In fact, we already know from the work of Ruth Mackenzie, Kate Malleson, and Philippe Sands that selecting judges to international tribunals is a fraught process. Ultimately, Sands has asserted that “the horse-trading and politicking is endemic”. He also claims that “vote-trading, campaigning, and regional politicking invariably play a great part in candidates” chance of being elected than considerations of individual merit’. While their study was conducted on the International Criminal Court and the International Court of Justice, there is no reason to think that the same political dynamics would not hold true of the Special Court for Sierra Leone.

Bear in mind too that the Special Court received most of its funding from the West (US, UK, Netherlands, and Canada), and Western countries have contributed billions of dollars in humanitarian aid and reconstruction to the region. In addition, the UK has offered Sierra Leone an “over-the-horizon” security guarantee. Effectively, this means that the UK is committed to responding to a national security incident within 72 hours. Given these considerations of national interest, it is hard to imagine how the desires of the UK and the US would not have influenced the environment of the court. Keeping larger political influences and geopolitical considerations at bay in a case like this would have been near impossible.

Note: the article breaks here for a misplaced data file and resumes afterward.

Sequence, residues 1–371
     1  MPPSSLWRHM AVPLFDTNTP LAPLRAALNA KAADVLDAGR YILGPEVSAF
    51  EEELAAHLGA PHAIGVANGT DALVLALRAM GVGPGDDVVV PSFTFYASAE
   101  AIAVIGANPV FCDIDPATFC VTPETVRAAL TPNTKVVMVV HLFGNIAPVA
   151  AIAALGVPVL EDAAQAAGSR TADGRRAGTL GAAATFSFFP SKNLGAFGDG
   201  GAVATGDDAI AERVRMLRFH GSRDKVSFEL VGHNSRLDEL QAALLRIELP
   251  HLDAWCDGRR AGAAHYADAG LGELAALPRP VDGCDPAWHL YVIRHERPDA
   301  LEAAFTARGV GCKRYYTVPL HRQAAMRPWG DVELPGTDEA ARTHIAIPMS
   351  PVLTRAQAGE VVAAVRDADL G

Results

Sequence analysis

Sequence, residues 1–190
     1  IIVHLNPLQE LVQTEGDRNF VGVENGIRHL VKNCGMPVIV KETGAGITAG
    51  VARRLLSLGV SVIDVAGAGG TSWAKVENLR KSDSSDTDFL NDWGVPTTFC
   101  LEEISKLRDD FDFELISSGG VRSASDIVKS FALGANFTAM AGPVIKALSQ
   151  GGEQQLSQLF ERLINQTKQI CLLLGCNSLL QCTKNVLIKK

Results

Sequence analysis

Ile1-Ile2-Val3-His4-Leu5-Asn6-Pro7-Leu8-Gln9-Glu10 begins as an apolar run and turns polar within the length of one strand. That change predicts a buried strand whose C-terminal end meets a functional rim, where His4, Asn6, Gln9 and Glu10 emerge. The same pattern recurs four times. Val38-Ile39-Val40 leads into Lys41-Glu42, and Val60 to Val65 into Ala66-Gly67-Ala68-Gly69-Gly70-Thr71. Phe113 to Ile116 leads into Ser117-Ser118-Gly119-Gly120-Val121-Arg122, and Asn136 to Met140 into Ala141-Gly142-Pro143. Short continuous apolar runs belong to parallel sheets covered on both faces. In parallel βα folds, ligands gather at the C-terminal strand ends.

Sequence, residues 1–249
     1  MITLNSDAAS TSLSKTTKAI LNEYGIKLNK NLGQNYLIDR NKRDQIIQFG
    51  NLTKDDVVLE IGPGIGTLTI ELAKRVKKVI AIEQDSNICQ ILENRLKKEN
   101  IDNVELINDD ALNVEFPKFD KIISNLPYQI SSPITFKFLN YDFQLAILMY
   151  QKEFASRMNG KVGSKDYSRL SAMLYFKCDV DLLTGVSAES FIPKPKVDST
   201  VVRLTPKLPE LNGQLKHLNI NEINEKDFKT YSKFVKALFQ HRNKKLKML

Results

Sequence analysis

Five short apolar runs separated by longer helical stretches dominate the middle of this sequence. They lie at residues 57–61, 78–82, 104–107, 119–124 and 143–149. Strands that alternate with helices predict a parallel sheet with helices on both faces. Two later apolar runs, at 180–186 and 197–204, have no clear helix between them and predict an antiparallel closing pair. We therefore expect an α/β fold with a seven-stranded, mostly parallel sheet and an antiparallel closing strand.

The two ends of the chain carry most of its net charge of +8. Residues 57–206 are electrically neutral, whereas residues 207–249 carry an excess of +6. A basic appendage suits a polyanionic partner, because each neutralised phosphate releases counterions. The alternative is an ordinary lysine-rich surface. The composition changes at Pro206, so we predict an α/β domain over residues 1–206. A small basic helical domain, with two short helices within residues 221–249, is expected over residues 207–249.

Westerners might wonder how any of these factors could affect the final decision of the justices. After all, justice should be blind. And yet, we can see that it is not. None of these revelations would surprise Sierra Leoneans and Liberians. In Africa certainly, war crimes tribunals are widely acknowledged to be deeply politicised institutions. In fact, the African Union has recently called a special summit to discuss a mass withdrawal from the ICC in October because international justice is seen as baldly biased against Africans.

I have argued elsewhere that the ICC is perceived by many as a tool of Western powers. Other UN-backed tribunals also suffer from this problem, including the Special Court of Sierra Leone. Others have made similar arguments. Guardian columnist Seumas Milne has asked why Western leaders have not been indicted for aiding and abetting war crimes when they too supplied arms and assistance to Libyan militias in the fight against Gaddafi – just like Charles Taylor did for Sierra Leone’s rebels. International legal scholar Richard Falk has questioned why American leaders have not been charged for the systematic abuses that have been widely documented at Guantanamo Bay and Abu Ghraib. 

The facts are clear: justice is applied selectively depending on what country you are from and whether you are in favour with the West. By nudging, suggesting, and sometimes coercing international courts to serve political interests, Western powers manage to achieve desired political outcomes. But these tactics are putting delicate norms of transitional justice at risk. 

If international war crimes trials are ever to achieve genuine global justice – for the weak as well as the powerful – there must be some acknowledgement that these tribunals are currently being used as political instruments of the powerful. Only when this premise is accepted by the West can the ICC evolve into an institution with real international legitimacy.

Dr Christine Cheng is Lecturer in War Studies at King’s College London. Her book on extralegal groups in Liberia will be published with Oxford University Press.

Follow her on twitter @cheng_christine.